Yet the final days of Sri Lanka’s Rajapaksa dynasty tell a very different tale.
His departure is a historic moment for the island nation of 22 million, which the Rajapaksas had ruled with an iron fist for much of the past two decades before losing the faith of their once adoring citizens.
“The sight of Gotabaya Rajapaksa fleeing Sri lanka on an air force plane represents (the downfall) of this family,” said Ganeshan Wignaraja, senior research associate at the British think tank, ODI Global.
“Their legacy I don’t think is a positive one. But one hopes that Sri Lanka will move on in a new direction.”
With jubilant Sri Lankans still swimming in the presidential pool, singing in the presidential dining room and dancing around the opulent presidential grounds, it is clear many share that optimism — at least for now.
What happens during the next 24 hours will do much to determine the country’s future, with Rajapaksa’s long-term intentions remaining as yet unclear.
The rise of the Rajapaksas
As the country takes its first steps in its brave new era, experts say it would do well to consider what went wrong with the last one — starting with the rise and fall of the Rajapaksas.
That victory gave Mahinda Rajapaksa an almost inexhaustible well of political capital to draw on and he would go on to enjoy a 10-year grip on power during which he was venerated by Sri Lanka’s Sinhalese Buddhist majority. He was popularly referred to as “appachchi” — the father of the nation — and people would often bow when he walked past and fear for him when he was unwell.
For much of his term, Mahinda Rajapaksa ran Sri Lanka like a family business, appointing his brothers to key positions; Gotabaya as Defense Secretary, Basil as Minister of Economic Development, and Chamal as the Speaker of Parliament.
And while the good times were rolling, despite gripes about nepotism, the brothers remained popular. The country saw years of growth, fueled by the government’s vast borrowing from overseas to fund public services.
But the good times weren’t to last.
Brief hiatus and comeback
While the civil war did much to create Mahinda Rajapaksa’s legend, it also contained the first signs of his downfall.
Mahinda Rajapaksa’s government has always vehemently denied such allegations.
However, its problems began to mount.
At the same time, anger at Mahinda’s perceived cronyism grew as signs of economic trouble emerged and it became clear that there would be a price to pay for the government’s earlier largesse.
“Sri Lanka is a democratic country and people were shocked at that extent of attempting cronyism,” Wignaraja said. “This combination of (nepotism) and mismanaging the economy… people were upset they elected these people.”
That might have been enough to finish off a lesser dynasty, but not the Rajapaksas.
In November of that year, Gotabaya Rajapaksa was elected as the country’s new President. And like his brother, he saw governing as a family affair.
“People have once again imposed their full confidence in us,” Mahinda Rajapaksa said after a landslide victory in parliamentary elections a year later.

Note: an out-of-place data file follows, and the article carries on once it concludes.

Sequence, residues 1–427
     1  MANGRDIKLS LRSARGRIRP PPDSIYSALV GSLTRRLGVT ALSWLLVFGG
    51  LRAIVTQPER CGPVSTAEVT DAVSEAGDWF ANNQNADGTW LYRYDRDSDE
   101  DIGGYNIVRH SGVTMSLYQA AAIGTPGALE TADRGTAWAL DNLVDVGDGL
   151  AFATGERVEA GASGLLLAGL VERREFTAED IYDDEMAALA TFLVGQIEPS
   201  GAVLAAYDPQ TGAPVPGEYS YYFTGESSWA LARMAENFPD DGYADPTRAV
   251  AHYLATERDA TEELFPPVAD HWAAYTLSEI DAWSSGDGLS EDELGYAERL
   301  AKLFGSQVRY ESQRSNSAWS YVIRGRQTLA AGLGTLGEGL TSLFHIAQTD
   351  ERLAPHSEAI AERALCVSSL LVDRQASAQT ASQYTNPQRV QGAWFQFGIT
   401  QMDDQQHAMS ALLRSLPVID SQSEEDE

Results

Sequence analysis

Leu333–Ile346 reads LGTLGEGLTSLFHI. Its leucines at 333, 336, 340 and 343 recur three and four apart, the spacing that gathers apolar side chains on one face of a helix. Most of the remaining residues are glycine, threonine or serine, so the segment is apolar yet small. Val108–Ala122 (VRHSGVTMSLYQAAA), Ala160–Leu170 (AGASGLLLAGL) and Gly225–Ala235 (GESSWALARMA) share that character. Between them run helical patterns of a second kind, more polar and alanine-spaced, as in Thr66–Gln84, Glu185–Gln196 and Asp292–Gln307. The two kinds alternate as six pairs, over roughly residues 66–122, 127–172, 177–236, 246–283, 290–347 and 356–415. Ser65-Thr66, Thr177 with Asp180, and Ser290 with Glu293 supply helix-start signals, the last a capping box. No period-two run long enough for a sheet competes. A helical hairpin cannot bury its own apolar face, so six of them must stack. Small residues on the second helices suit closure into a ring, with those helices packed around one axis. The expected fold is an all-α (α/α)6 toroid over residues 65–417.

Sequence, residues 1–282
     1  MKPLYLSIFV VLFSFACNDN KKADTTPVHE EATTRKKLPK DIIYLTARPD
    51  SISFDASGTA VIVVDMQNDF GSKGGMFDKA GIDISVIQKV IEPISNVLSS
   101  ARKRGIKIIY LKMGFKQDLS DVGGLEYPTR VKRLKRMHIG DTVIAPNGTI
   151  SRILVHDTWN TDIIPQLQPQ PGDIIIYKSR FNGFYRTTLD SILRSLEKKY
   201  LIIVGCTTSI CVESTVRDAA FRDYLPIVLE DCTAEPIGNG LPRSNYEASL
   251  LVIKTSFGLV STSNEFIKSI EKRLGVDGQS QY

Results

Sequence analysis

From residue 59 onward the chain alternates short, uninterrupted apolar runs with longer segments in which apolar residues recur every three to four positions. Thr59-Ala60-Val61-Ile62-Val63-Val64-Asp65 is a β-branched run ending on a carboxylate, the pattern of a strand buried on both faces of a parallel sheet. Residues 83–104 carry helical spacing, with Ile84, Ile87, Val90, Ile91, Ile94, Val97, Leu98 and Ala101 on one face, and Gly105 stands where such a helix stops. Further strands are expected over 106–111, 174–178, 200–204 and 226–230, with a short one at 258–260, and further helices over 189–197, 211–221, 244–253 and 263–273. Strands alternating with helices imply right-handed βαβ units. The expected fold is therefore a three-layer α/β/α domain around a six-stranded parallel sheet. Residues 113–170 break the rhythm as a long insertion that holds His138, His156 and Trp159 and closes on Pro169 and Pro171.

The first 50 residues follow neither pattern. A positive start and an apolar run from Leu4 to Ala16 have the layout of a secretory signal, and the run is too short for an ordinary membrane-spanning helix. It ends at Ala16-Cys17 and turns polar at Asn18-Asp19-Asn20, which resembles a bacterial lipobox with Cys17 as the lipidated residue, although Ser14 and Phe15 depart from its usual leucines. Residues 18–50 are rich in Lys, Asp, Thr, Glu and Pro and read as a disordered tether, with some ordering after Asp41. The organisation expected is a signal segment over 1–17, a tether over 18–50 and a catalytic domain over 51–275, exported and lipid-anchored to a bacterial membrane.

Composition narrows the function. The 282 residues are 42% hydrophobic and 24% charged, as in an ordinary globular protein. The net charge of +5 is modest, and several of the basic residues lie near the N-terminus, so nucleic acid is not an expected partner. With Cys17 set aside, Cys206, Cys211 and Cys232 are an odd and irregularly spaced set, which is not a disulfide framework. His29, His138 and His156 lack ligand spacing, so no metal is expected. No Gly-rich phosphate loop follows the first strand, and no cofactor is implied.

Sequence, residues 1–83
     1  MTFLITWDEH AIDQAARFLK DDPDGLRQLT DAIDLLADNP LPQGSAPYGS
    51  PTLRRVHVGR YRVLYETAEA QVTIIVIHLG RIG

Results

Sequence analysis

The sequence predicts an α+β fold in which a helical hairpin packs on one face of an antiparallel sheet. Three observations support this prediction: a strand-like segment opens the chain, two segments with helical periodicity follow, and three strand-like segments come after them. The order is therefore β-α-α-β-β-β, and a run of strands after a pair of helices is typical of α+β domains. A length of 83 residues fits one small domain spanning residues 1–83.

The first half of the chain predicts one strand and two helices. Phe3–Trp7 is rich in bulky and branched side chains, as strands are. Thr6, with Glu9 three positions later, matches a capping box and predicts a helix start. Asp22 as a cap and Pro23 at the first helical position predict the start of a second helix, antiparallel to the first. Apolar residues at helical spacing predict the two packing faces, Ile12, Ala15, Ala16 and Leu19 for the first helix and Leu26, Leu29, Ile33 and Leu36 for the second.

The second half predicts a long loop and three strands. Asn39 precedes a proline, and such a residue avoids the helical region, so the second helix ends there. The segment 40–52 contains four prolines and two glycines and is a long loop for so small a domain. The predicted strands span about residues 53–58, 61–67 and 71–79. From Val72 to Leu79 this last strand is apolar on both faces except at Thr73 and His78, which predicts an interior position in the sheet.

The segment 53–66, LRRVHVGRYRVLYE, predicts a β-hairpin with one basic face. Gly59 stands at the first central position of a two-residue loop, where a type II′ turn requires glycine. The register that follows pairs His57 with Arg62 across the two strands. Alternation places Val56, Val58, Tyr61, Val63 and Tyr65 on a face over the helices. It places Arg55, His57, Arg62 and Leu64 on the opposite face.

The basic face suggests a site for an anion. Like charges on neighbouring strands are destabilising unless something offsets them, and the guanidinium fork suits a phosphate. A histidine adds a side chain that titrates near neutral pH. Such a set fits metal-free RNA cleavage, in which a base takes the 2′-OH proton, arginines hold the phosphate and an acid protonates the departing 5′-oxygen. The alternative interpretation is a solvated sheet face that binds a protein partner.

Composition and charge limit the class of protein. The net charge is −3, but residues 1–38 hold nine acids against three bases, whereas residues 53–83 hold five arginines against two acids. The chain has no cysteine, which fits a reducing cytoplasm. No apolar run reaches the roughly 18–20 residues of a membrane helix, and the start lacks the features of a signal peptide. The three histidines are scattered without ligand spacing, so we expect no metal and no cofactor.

“We will fulfill their aspirations and will always value the confidence they have placed in us.”
Gotabaya appointed Mahinda Rajapaksa shortly after.
‘Fall from grace’
Still, as had happened to his brother, cracks began to emerge in Gotabaya Rajapaksa’s presidency as questions over his government’s economic management continued to grow.
Murtaza Jafferjee, chair of Colombo-based think tank Advocata Institute, said the vast borrowing spree Sri Lanka embarked on to fund its public service coincided with a series of hammer blows to the Sri Lankan economy, from natural disasters such as heavy monsoons, to man-made ones.
Facing a massive deficit, Rajapaksa slashed taxes in a doomed attempt to stimulate the economy.
But the move backfired, instead hitting government revenue. Ratings agencies then downgraded Sri Lanka to near default levels, meaning the country lost access to overseas markets. Sri Lanka then had to use its foreign exchange reserves to pay off government debt. This affected imports of fuel and other essentials, which sent prices soaring.
And it is the Rajapaksas they blame. For months, angry Sri Lankans have taken to the streets, accusing Gotabaya and Mahinda Rajapaksa of mismanaging the economy.
Those protests began peacefully but turned violent in May, prompting Mahinda Rajapaksa to resign as Prime Minister. But his decision did little to quell frustrations — and his brother remained in power as the President.
For weeks Gotabaya clung on, apparently unwilling to let the dynasty fall. But ultimately he had no choice, as the lavish home he once used to entertain power brokers was taken over by crowds escaping the heat in his sparkling swimming pool and holding picnics on his sprawling lawn.
As Wignaraja pointed out, the imagery was a fitting end to an era.
“You have this idea that the ruling elite are living very lavishly, while being very corrupt, and the ordinary person is in grave difficulty,” Wignaraja said.
“To go from being perceived as heroes, to being chased out of your own home is unthinkable. It’s a complete fall from grace.”
CNN’s Iqbal Athas contributed to this report.